I read with great concern just recently that Australia’s tradies were more likely to look after their tools, than their own health! 79% of them said they took good care of their tools compared to just 47% who said they took good care of their bodies.
Additionally, tradies are over represented in statistics for serious workplace injury.
The Australian Physiotherapy Association is right behind our tradies and supports initiatives to improve their health and workplace injury statistics.
Given the physical nature of a tradie’s work, it’s important that you go home safe, well and ready for action again the next day. To help you do this, these simple steps from the APA (which we strongly support) are something you should consider:
Back pain is a common problem that is predicted to affect up to 85% of the population at some stage in their lives. Although it can be debilitating, most can recover well if the right advice and strategies are in place. Often, the earlier you seek advice or treatment, the sooner you will get better.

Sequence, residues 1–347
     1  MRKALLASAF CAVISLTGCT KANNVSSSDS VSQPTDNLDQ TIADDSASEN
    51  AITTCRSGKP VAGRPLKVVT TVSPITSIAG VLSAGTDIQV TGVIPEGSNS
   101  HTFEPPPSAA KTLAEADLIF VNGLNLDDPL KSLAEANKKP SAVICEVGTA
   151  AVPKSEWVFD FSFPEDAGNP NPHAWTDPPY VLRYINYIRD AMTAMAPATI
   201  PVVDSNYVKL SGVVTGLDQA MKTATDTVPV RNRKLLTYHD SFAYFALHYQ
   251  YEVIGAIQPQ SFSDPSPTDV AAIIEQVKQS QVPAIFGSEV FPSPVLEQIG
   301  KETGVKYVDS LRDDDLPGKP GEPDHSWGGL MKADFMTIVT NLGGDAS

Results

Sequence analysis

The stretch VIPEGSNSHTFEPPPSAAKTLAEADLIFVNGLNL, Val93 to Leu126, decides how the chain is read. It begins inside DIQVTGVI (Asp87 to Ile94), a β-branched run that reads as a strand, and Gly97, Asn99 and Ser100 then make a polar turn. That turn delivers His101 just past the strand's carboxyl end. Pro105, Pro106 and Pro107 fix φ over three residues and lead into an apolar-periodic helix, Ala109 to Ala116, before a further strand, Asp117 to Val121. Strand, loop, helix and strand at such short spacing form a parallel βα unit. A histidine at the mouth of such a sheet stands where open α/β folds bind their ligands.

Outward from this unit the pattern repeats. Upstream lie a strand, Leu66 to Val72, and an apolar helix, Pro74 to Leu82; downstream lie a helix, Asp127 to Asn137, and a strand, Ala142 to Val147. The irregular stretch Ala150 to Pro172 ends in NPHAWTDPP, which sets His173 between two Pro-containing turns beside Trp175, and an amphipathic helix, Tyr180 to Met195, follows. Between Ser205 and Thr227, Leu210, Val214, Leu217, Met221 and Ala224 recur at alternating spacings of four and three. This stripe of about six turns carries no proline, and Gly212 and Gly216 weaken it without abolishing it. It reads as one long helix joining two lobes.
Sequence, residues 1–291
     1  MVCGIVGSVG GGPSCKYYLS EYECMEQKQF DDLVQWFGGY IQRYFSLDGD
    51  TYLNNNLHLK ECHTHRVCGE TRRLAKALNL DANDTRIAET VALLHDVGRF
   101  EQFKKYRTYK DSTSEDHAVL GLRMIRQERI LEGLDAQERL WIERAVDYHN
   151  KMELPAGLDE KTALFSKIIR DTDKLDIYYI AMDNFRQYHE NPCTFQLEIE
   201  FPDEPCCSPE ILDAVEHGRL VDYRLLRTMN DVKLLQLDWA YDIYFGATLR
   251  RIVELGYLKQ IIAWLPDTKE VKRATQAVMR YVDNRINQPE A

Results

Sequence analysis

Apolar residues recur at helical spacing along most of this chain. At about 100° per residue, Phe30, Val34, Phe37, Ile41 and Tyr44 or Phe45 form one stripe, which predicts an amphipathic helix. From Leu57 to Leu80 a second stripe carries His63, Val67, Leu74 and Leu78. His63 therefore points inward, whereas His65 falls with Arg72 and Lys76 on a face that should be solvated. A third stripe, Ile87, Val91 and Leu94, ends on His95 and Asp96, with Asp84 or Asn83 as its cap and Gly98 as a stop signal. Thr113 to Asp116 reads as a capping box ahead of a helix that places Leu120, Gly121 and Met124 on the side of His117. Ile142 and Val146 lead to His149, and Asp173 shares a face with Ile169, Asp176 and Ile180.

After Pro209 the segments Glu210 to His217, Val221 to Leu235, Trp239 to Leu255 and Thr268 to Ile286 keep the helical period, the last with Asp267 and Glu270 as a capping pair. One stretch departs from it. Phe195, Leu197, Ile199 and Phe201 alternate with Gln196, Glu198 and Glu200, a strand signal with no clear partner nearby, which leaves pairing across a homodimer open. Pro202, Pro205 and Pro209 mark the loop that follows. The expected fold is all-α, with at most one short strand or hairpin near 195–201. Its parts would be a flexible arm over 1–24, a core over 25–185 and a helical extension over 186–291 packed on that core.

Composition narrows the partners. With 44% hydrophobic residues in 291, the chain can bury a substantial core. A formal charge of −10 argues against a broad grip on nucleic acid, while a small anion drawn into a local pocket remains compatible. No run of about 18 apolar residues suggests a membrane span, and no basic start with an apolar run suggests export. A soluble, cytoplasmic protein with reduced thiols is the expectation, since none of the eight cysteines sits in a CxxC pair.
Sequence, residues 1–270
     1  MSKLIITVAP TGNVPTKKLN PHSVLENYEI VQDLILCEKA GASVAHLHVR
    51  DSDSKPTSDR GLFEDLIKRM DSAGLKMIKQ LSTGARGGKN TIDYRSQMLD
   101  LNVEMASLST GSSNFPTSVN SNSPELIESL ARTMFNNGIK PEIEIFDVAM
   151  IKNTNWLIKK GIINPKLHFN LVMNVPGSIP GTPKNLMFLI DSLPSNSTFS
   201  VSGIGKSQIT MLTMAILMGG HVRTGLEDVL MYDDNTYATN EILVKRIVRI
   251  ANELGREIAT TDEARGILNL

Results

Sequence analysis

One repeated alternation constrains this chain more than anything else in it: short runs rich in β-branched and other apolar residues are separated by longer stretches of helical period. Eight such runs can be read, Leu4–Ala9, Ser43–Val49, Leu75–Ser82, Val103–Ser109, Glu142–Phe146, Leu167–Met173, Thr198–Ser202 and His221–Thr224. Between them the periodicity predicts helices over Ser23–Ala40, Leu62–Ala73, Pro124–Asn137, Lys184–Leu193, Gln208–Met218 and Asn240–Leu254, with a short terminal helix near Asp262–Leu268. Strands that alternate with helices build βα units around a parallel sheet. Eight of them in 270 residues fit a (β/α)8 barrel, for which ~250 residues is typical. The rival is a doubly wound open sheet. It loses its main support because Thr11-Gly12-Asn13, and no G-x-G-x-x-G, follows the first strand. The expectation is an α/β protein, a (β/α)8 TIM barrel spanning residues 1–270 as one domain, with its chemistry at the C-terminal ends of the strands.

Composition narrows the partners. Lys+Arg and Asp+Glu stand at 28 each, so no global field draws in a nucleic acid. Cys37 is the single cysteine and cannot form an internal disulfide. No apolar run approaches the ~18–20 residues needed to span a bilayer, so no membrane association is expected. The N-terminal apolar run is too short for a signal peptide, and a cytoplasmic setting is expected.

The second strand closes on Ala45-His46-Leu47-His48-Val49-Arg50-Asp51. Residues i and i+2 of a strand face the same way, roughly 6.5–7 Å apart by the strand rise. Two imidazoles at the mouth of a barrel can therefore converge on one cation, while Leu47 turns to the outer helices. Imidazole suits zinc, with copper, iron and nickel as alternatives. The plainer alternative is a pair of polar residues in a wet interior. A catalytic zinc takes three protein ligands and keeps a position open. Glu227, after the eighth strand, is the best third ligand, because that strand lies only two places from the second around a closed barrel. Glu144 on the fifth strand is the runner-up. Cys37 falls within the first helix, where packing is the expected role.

Common causes of back pain include:
The shoulder is a complex ball and socket joint with more range of movement than any other joint in the body. It is therefore very susceptible to injury, particularly in sports or movements involving overhead, heavy or repetitive shoulder movements.
Knee injuries can occur traumatically (think of an ACL rupture or meniscal tear) to a blow to the knee (sport or workplace) or fall. Secondly knee injuries can occur over time, runners knee is pain under the kneecap which occurs in physically active people from a muscle imbalance. Both traumatic and slow onset injuries can be managed though physiotherapy.
One of the most common causes of acute ankle pain is rolling or twisting on the ankle awkwardly. This can result in tearing of one or more of the ligaments around the ankle, which can lead to acute pain, swelling, and a loss of stability around the ankle.
Another condition which can result in ankle pain is ankle tendinopathy. This can involve a gradual onset of pain, usually related to a change of activity or demands on the ankle. Common sources for tendon pain around the ankle include:
If you’d like to see one of our Physiotherapists for any of these problems, pain or injuries you can: